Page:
The Latina Book Club welcomes author Carlos Harrison, whose new book TRAINED TO KILL has been compared to the Jason Bourne movies. He is a Pulitzer winning journalist, author of 15 books and even a cookbook with Gloria and Emilio Estefan. We just had to meet him.---mcf
Q: Your first book, The Ghosts of Hero Street, was all about heroes. Your new one, Trained to Kill: The Inside Story of CIA plots against Castro, Kennedy & Che, is about a killer. Is this new book a true story as well?
CARLOS HARRISON: Yes. This is the unlikely true story of an asthmatic Cuban accountant recruited and trained by the CIA to kill Fidel Castro and, later, directed to form one of the most notorious -- and active -- anti-Castro paramilitary organizations, Alpha 66. Antonio Veciana, a rising and respected young banker at the time of Fidel's revolution, masterminded three separate assassination attempts. Two came at the direction of his CIA handler; the last, if successful, could have killed his daughter in the process.
Veciana also is one of the last living links between the Agency and Kennedy's assassination. His CIA contact, the man who recruited him, became a high-ranking CIA officer and played a key role in the Bay of Pigs invasion. He blamed Kennedy for its failure. Nine weeks before JFK was gunned down, he summoned Antonio to Dallas, and introduced him to Lee Harvey Oswald. (Yes, we found another witness to the meeting.)
What attracted me to this story is not just that it's a true, little-known piece of history that was begging to be told. It has, from a writer's perspective, what we call a great character arc. Antonio began as what he himself would describe as a poor, sickly, below-average guy that other kids made fun of. He became a brilliant bomb maker, saboteur, and mastermind of some of the most audacious -- and documented -- attempts on Fidel's life, as well as the founder, fundraiser, chief strategist and face of the largest exile paramilitary group, guiding it in multiple attacks on Cuban military targets and Soviet supply ships.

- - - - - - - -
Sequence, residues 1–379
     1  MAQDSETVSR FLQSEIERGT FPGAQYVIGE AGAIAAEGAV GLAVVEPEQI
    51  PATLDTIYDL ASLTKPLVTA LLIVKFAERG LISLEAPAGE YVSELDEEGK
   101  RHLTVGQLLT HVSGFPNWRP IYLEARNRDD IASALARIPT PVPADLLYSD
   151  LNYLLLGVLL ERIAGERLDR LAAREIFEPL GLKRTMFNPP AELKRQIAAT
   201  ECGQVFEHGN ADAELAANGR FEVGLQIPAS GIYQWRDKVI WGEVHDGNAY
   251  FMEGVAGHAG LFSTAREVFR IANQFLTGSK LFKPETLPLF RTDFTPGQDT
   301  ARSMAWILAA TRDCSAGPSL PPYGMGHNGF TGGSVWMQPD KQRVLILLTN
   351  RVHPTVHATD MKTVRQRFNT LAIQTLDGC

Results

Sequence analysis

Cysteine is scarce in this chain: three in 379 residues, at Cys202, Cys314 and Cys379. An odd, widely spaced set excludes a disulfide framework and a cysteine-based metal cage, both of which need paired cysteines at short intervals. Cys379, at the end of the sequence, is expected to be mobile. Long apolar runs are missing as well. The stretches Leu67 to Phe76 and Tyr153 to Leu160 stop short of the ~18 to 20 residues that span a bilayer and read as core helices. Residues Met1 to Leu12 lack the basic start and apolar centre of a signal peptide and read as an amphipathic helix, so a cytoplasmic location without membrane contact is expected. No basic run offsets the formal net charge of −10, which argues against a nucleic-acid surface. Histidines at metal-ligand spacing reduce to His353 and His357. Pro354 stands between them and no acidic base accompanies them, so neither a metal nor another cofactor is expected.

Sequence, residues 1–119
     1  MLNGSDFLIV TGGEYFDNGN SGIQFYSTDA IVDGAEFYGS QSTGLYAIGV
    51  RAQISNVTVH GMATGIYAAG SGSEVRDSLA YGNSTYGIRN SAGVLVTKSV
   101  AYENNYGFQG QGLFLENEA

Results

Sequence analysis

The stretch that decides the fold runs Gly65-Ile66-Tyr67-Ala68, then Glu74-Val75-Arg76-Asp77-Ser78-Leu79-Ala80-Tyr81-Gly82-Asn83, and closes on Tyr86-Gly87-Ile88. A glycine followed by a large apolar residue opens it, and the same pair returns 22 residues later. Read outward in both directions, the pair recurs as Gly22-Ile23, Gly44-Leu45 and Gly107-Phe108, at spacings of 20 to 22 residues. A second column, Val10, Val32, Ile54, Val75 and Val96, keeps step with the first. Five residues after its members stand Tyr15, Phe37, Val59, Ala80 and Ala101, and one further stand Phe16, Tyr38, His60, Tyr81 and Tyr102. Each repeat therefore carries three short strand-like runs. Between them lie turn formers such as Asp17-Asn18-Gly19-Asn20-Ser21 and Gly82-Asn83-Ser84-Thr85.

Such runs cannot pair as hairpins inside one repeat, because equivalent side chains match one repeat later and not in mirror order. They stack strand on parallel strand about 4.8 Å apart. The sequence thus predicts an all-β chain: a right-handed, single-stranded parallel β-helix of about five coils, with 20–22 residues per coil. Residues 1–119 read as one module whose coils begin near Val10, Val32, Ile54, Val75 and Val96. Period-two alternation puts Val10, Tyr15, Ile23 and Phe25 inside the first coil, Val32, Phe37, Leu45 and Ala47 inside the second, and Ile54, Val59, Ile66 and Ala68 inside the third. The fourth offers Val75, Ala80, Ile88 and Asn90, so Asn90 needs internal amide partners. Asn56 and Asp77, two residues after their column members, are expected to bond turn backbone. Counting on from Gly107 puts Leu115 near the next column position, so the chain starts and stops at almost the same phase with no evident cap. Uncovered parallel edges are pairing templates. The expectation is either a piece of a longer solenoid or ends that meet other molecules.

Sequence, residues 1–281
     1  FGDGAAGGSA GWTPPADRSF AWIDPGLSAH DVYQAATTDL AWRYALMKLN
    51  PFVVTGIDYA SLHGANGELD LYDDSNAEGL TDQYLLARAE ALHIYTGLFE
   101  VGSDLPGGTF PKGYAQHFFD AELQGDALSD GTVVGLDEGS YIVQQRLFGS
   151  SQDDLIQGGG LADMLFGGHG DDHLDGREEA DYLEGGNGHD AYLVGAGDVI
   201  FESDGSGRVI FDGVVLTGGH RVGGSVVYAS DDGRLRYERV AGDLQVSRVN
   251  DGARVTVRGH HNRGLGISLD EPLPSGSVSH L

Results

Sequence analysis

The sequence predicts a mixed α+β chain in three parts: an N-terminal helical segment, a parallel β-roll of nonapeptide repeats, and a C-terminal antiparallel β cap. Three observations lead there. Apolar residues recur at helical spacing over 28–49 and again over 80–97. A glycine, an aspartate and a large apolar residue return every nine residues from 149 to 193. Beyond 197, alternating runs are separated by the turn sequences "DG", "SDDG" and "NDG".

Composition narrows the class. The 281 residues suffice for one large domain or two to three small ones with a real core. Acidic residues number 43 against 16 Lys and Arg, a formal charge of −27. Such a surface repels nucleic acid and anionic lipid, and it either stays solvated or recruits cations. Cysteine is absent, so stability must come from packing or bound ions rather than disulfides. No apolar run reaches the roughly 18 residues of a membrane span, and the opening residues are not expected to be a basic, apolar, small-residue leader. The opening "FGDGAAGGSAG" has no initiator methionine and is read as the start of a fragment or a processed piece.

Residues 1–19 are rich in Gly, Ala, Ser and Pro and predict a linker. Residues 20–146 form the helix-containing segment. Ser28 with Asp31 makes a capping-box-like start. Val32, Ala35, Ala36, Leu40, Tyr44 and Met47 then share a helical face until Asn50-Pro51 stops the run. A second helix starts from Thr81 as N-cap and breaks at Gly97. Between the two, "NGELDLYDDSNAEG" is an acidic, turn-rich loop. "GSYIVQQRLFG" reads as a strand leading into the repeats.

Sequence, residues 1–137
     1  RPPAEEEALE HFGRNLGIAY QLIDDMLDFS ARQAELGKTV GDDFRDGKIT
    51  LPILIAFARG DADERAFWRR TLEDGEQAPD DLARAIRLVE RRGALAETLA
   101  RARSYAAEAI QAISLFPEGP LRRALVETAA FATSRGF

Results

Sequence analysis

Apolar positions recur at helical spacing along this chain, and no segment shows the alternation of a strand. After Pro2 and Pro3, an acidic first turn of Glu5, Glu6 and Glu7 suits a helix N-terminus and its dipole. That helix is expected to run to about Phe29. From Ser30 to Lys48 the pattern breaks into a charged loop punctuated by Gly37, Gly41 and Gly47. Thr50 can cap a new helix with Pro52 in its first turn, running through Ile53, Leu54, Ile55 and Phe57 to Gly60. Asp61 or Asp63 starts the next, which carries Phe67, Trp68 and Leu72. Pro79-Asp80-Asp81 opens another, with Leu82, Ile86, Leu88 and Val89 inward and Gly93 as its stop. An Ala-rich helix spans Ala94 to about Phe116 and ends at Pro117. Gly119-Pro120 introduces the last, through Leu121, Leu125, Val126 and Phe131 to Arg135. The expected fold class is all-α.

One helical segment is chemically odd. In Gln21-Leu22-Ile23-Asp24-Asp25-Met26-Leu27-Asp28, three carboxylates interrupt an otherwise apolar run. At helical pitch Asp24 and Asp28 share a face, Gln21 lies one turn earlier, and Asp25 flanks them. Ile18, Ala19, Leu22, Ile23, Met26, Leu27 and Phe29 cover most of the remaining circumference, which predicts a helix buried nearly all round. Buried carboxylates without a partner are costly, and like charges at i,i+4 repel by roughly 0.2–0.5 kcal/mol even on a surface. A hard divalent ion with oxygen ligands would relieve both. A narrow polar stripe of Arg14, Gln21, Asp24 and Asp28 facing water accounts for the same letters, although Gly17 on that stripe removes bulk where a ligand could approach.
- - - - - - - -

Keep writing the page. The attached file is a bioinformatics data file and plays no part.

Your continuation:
But, and here's the arc, his biggest regret is not that he failed in those acts, it's that he dedicated his life to that instead of to his family. He realized it when he realized that one of his daughter's, then a young reporter for the Miami Herald, would have been feet away from Fidel -- and well within the blast zone -- if his last attempt had succeeded.
Love conquers all, they say. This time, love and a hefty dose of luck, conquered his warrior spirit. Antonio stepped away from his anti-Castro life. He lives with the daughter who could have been killed. And he's now a doting great-grandfather.
Q: What do you think lies ahead for Cubans now that Castro is dead?
CARLOS: Unfortunately for them, I think Castro succeeded in establishing a powerful authoritarian machine that outlives him, and will continue to. Even after his brother Raul is gone, it is difficult to imagine the ones who remain in power releasing the reins. I believe the Cuban people, by and large, are good, warm, and loving people who want the same thing we all do -- a little happiness and a better life for their children. But I don't think true freedom, and the chance to decide their own fate, will be theirs for years to come, if ever.
Q: The New York Post said your new book had lots of twists, turns and action like a Bourne film. We have to ask--what's your favorite Bourne film?